The Harper government has sent bill C-7 an act to deal with Senate reform to the Supreme Court of Canada for clarification. The federal government seeks to determine its own powers regarding senate reform. It seeks answers to six questions.
Bill C-7, the Senate Reform Act, was introduced was introduced in June 2011, but has not been debated for almost a year. The Harper government seeks answers to six questions, which put test the legislation against section 44 of the constitution act of 1982. The court is being asked whether senate reform is constitutional and about the amendment procedure.
Reforming the senate is a key piece of legislation going back to the conservative parties roots as the Reform Party and Canadian Alliance. While it is a key piece of the government platform, senate reform has been debated since the institution was formed in 1867. The Liberal Party of Canada adopted a resolution to move to an elected senate in 1885, but it was never implemented.
Bill C-7 would place term limits of nine on senators, having them elected by their provinces, and later appointed by the governor general on the advice of the prime minister. The new terms would apply to senators appointed after 2008. Currently there are no term limits, but senators must retire at age 75. In essence this is a perfect patronage appointment for any prime minister, who stack the senate with their supporters, to make.
According to the Globe and Mail, the federal government was prompted to send the legislation to the supreme court, as a pre-emptive strike, after Quebec queried he constitutionality of Bill C-7.
Quebec called last May for that province’s court of appeal to rule on the constitutionality of Bill C-7, and some sources have described the federal government’s referral of its own questions to the Supreme Court as a pre-emptive move against an eventual challenge.
Liberals have been saying since 2007 that the government needed to ask the Supreme Court whether it was constitutional for Parliament to impose term limits unilaterally – without provincial consent. The referral asks six specific questions.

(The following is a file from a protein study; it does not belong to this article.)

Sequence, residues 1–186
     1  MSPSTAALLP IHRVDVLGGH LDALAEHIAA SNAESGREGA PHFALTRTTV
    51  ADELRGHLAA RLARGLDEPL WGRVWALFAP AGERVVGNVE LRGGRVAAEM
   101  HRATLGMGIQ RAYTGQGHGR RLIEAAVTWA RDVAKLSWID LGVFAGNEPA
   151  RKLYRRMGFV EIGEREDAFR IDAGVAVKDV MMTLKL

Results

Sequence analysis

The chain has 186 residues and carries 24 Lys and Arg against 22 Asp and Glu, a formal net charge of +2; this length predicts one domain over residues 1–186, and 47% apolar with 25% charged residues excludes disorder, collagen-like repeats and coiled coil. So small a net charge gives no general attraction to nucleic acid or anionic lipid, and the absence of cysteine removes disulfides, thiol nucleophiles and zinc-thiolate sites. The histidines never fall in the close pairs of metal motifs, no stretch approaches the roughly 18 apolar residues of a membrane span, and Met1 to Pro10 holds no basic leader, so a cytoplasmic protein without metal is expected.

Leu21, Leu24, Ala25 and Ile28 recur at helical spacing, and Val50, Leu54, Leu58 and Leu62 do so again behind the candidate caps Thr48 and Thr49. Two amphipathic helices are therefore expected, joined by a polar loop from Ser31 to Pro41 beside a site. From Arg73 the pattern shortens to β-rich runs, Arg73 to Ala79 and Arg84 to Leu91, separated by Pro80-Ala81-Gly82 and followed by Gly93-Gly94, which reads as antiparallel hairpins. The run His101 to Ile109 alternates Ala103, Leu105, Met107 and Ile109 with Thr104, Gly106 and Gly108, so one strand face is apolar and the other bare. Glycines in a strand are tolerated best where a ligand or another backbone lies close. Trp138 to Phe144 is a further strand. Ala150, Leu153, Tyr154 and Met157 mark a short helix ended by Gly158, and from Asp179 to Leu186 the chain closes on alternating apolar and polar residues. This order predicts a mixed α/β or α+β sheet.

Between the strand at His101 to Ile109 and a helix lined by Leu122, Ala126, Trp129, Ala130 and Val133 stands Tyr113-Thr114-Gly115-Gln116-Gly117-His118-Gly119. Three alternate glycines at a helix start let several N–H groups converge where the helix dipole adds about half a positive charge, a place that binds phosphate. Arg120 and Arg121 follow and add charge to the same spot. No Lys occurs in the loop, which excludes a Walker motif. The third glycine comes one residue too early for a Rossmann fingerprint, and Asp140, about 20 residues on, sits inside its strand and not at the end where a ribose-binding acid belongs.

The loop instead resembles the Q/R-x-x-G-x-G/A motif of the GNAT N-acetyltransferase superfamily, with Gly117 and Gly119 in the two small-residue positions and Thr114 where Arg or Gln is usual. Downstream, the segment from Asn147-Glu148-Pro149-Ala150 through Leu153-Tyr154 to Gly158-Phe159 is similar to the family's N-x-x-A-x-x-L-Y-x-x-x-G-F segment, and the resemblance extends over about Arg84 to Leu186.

1. In relation to each of the following proposed limits to the tenure of Senators, is it within the legislative authority of the Parliament of Canada, acting pursuant to section 44 of the Constitution Act, 1982, to make amendments to section 29 of the Constitution Act, 1867 providing for
a. a fixed term of nine years for Senators, as set out in clause 5 of Bill C-7, the Senate Reform Act;
b. a fixed term of ten years or more for Senators;
c. a fixed term of eight years or less for Senators;
d. a fixed term of the life of two or three Parliaments for Senators;
e. a renewable term for Senators, as set out in clause 2 of Bill S-4, Constitution Act, 2006 (Senate tenure);
f. limits to the terms for Senators appointed after October 14, 2008 as set out in sub clause 4(1) of Bill C-7, the Senate Reform Act; and
g. retrospective limits to the terms for Senators appointed before October 14, 2008? Full text here.
Getting clarification from Canada's supreme court should satisfy the Liberals, but may not make the New Democrats happy. As far as the New Democrats are concerned, the senate should be abolished altogether. There may be resistance by provinces, especially Ontario and Quebec, who get the lion's share of appointments to the senate.
Currently the senate has 105 seats with 24 seats assigned equally to four regions, Ontario, Quebec, Maritime provinces and western provinces. The other seats are assigned to smaller regions, Newfoundland and Labrador, the Northwest Territories, Yukon, and Nunavut.